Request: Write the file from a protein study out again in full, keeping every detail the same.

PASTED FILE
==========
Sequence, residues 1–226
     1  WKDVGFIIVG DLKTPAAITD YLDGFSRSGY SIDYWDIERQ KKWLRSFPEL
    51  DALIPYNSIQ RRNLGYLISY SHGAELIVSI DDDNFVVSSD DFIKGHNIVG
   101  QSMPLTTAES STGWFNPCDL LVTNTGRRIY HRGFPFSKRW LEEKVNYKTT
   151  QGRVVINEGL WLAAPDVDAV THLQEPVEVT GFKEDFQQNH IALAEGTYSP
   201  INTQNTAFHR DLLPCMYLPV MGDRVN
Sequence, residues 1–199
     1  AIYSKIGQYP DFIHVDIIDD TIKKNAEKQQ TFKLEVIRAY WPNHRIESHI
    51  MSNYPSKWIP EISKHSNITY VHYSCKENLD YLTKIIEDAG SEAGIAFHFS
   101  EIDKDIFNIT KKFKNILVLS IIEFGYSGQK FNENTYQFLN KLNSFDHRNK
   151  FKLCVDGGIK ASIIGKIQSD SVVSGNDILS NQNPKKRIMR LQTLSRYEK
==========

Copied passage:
Sequence, residues 1–226
     1  WKDVGFIIVG DLKTPAAITD YLDGFSRSGY SIDYWDIERQ KKWLRSFPEL
    51  DALIPYNSIQ RRNLGYLISY SHGAELIVSI DDDNFVVSSD DFIKGHNIVG
   101  QSMPLTTAES STGWFNPCDL LVTNTGRRIY HRGFPFSKRW LEEKVNYKTT
   151  QGRVVINEGL WLAAPDVDAV THLQEPVEVT GFKEDFQQNH IALAEGTYSP
   201  INTQNTAFHR DLLPCMYLPV MGDRVN
Sequence, residues 1–199
     1  AIYSKIGQYP DFIHVDIIDD TIKKNAEKQQ TFKLEVIRAY WPNHRIESHI
    51  MSNYPSKWIP EISKHSNITY VHYSCKENLD YLTKIIEDAG SEAGIAFHFS
   101  EIDKDIFNIT KKFKNILVLS IIEFGYSGQK FNENTYQFLN KLNSFDHRNK
   151  FKLCVDGGIK ASIIGKIQSD SVVSGNDILS NQNPKKRIMR LQTLSRYEK